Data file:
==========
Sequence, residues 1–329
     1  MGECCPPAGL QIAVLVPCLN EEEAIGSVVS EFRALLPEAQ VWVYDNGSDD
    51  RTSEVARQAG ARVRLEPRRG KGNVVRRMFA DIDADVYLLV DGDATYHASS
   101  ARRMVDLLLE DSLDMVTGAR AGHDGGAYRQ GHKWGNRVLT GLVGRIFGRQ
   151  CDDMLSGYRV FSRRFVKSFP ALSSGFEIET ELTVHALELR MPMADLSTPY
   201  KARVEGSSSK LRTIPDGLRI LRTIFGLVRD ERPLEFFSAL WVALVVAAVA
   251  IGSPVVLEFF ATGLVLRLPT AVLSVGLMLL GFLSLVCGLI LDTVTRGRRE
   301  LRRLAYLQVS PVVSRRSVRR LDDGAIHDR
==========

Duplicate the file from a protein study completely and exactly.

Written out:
Sequence, residues 1–329
     1  MGECCPPAGL QIAVLVPCLN EEEAIGSVVS EFRALLPEAQ VWVYDNGSDD
    51  RTSEVARQAG ARVRLEPRRG KGNVVRRMFA DIDADVYLLV DGDATYHASS
   101  ARRMVDLLLE DSLDMVTGAR AGHDGGAYRQ GHKWGNRVLT GLVGRIFGRQ
   151  CDDMLSGYRV FSRRFVKSFP ALSSGFEIET ELTVHALELR MPMADLSTPY
   201  KARVEGSSSK LRTIPDGLRI LRTIFGLVRD ERPLEFFSAL WVALVVAAVA
   251  IGSPVVLEFF ATGLVLRLPT AVLSVGLMLL GFLSLVCGLI LDTVTRGRRE
   301  LRRLAYLQVS PVVSRRSVRR LDDGAIHDR